Managing large datasets in Microsoft Excel makes the seemingly difficult task a quick possibility, including identifying and removing duplicate entries. One common question that arises when using the Remove Duplicates feature is whether it’s case-sensitive. In other words, will the tool consider “Smith” and “smith” as duplicates or different values?

**To clarify this issue, Excel’s Remove Duplicates feature is, by default, not case-sensitive. It means that if you have two entries like “Apple” and “apple” in your dataset, Excel will treat them as duplicates and remove one.**

However, there are methods to make the comparison case-sensitive if needed. Stick with me, and you’ll soon learn the easiest way of tackling Excel’s Remove Duplicates functionality and understand the difference between case-sensitive and case-insensitive removals.

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## The Excel Remove Duplicates Function

If you’re unfamiliar with Excel’s ‘Remove Duplicates’ feature, it’s available in Microsoft 365 and Excel 2007, 2010, 2013, 2016, 2019, and 2021. To use this function, follow these steps:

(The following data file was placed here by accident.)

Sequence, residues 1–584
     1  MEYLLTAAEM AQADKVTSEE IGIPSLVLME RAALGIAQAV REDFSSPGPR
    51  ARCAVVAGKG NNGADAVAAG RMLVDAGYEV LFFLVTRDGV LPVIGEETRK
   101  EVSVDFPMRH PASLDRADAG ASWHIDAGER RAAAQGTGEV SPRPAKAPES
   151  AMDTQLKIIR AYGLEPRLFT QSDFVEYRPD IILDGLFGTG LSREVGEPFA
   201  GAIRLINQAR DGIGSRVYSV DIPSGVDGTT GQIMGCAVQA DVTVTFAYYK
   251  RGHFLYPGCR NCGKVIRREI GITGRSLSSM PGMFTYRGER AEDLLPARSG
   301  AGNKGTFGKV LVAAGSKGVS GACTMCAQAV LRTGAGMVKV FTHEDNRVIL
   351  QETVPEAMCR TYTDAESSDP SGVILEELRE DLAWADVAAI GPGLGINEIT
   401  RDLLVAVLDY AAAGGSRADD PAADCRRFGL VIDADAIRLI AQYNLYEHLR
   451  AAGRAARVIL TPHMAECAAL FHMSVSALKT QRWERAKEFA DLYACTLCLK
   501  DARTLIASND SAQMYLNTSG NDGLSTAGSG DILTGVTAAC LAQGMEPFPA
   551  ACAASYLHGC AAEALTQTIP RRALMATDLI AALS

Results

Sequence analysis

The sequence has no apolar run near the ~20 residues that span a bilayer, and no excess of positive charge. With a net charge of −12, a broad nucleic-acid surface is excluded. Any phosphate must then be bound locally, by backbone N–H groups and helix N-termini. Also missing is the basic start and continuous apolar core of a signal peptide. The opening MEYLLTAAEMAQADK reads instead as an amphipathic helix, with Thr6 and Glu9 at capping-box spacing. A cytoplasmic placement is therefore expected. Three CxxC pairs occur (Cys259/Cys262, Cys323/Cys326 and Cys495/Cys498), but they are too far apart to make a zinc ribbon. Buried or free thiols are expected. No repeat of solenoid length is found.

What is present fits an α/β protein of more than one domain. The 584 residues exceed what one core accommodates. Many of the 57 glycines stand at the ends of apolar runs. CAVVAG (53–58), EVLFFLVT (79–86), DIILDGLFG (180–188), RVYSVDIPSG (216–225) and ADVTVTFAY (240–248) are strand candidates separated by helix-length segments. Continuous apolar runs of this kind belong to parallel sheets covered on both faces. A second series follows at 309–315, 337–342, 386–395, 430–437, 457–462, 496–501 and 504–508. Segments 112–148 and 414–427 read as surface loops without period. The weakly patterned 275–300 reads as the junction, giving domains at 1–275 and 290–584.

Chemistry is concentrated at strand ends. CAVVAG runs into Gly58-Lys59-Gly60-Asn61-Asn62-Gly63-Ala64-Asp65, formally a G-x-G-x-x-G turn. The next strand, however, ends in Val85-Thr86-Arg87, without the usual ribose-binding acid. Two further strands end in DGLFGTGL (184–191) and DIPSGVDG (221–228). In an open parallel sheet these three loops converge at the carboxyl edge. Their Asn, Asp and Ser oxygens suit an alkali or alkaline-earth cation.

- Select the data in your table that contains duplicate values.
- Go to the ‘Data’ tab in the Excel toolbar.
- Click on ‘Remove Duplicates.’

By doing this, Excel will remove duplicate values based on the selected columns, making it easier for you to work with unique data. But as you’ve learned, case sensitivity is a nonfactor in Excel’s eyes.

In the image below, you’ll see that after I created a conditional formatting rule to show duplicates, every item on my list was highlighted. Yikes!

So what are your options? How can you solve this problem without painfully searching row by row?

## How to Remove Case-Sensitive Duplicates in Excel

Removing case-sensitive duplicates in Excel is relatively straightforward. You can achieve it with minimal hassle with a few extra simple steps. There are several methods to do this, including using conditional formatting, array formulas, and even Kutools and VBA. However, let’s stick to the basics to keep our solution simple.

## Using Formulas to Remove Case-Sensitive Duplicates

This is a great time to practice your nested Excel formulas on a data query *everyone *deals with. We can identify case-sensitive duplicates in Excel lickity split by using a helper formula!

**The best and easiest method to remove case-sensitive duplicates in Excel is to use a nested formula consisting of SUMPRODUCT and EXACT. For my example dataset, the correct syntax is:**

**=SUMPRODUCT(–EXACT($G$3:$G$11,G3))>1**

## Dissecting The Solution Formula

In simpler terms, this formula checks if the value in cell G3 appears more than once in the range G3:G11 (including itself), taking into account the case sensitivity of the text. If it does, it returns TRUE, indicating that it’s a case-sensitive duplicate.

But let’s take each section of the formula and analyze what is happening through the process.